“Of course we do,” said Mitchell. “Our athletic trainers are very well trained and experienced. If a kid gets a concussion, there is a series of tests that they have to pass before they can continue playing.”
To concerned parents Coach Mitchell says this, “Safety is our number one concern. We all love football, but we all love our kids more, and we want to make sure that they’re taken care of. We treat them like they were our own.”
While the parents of high school athletes are more aware of concussions, the largest concern lies around children under 12, with many organization questioning if kids that young should even be allowed to play the game. Illinois and Maryland have both proposed bills that would outlaw full-contact football for children under 12.
“I think it should be up to a parent. I don’t think any form of government should say what your kid can and can’t do,” said Mitchell. “I’m worried about the helicopter state of everyone hanging over us and trying to protect us. We don’t need to live in a bubble. Sometimes you get hurt, that’s part of life. Don’t take something away that more than half of the country enjoys.”
While no public official in the state of Alabama has called for any age limits on the sport, the Alabama High School Athletics Association (AHSAA) has enacted restrictions on how much contact can take place during the practice week. Players aren’t going full speed every day like they did when I played. But do these restrictions cause more harm than they prevent? If players aren’t used to tackling every day, are they going to be skittish in game situations, causing more injuries?
“I don’t think so,” said Mitchell. “Right now, it’s about as good as it can get. Right now, we have plenty of time to get in a good practice and enough tackling. If there were any more limitation, though, I think that could lead to more injuries.”
Restrictions on tackling have been implemented at all levels of football, from youth programs all the way up to the NFL. A study conducted at the University of Wisconsin-Madison concluded that after contact during the practice week was limited, there was a significant reduction in concussion rates.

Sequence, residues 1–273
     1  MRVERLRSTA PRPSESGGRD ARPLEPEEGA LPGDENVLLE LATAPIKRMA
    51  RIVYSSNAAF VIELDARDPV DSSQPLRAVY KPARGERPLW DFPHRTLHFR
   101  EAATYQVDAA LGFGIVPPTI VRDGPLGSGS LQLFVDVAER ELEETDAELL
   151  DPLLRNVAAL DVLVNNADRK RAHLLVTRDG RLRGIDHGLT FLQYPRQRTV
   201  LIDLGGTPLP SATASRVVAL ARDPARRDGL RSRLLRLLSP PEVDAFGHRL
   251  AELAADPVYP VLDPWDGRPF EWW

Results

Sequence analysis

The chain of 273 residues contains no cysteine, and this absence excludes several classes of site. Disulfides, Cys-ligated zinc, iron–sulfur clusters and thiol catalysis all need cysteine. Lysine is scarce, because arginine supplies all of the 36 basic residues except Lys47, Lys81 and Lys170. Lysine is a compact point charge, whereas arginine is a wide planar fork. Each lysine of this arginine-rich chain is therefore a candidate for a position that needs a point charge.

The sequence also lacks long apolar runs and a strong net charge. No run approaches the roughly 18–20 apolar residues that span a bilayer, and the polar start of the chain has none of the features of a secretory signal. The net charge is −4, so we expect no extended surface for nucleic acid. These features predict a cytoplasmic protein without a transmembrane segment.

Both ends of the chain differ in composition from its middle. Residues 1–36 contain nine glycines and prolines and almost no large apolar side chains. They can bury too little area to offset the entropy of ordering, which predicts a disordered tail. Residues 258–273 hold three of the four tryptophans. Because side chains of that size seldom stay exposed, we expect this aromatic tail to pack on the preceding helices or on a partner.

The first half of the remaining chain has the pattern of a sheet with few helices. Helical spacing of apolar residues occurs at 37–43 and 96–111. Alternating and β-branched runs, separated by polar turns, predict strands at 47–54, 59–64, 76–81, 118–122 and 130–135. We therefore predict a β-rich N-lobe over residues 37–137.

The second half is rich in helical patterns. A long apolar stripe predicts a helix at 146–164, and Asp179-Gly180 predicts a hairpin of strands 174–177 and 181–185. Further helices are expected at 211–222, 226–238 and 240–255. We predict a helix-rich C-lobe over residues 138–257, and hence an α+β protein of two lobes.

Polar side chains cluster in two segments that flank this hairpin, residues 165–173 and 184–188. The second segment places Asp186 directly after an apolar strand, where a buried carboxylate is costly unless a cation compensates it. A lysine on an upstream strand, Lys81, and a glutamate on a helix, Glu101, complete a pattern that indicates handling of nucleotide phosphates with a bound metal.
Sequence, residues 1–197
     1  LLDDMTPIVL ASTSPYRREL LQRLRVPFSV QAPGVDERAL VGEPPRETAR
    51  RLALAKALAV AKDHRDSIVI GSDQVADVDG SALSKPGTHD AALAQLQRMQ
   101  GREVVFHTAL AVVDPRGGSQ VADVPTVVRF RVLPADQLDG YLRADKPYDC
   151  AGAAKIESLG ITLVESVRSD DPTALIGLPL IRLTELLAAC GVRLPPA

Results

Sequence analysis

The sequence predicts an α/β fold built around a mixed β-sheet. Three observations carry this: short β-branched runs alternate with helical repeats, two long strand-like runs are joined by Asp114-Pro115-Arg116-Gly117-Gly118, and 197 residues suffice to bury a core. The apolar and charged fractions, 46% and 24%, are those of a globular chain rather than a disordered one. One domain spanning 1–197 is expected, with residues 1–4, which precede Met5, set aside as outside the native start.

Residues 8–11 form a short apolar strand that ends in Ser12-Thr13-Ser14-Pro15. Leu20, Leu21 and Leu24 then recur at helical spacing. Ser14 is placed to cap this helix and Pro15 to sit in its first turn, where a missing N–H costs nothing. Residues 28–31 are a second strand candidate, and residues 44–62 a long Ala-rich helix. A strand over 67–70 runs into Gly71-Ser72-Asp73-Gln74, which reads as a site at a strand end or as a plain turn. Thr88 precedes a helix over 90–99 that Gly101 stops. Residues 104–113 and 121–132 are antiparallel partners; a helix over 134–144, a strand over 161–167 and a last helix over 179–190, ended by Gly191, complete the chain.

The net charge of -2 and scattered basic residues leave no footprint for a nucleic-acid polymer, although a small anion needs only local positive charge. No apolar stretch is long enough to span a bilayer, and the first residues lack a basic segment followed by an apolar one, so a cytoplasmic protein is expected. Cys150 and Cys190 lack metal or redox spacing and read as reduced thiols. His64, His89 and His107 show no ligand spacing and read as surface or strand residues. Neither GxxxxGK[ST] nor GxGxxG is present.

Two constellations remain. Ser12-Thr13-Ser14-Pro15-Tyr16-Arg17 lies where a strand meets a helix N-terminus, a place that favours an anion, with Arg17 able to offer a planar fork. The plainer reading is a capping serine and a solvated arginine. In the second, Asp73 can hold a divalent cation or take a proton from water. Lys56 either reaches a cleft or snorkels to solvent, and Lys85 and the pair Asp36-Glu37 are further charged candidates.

(A more recent study by UW-Madison shows that students with a history of concussions are more like to struggle academically.)
Many argue that the life lessons football teaches boys greatly outweigh the risks of playing the sport.
“The thing with sports in general, and, especially football,” said Mitchell, “is that it turns a lot of boys into men. They’re all going to have tough moments in life, and football really teaches kids how to make it through them. The sport helps them to grown as human beings. It’s a grind. It’s like going to work. I think that you find that boys who play sports, and especially football, are a little more successful as men.”
While football participation may be decreasing, at a national level, and even in Alabama. Football is still very much a part of small town southern culture. “I think we’re a little tougher down here,” said Mitchell. “It’s just what boys do in the south; they play football.”
*Brannon Cahela is a graduating senior majoring in digital journalism. This piece was written for COM 420 Advanced Reporting.*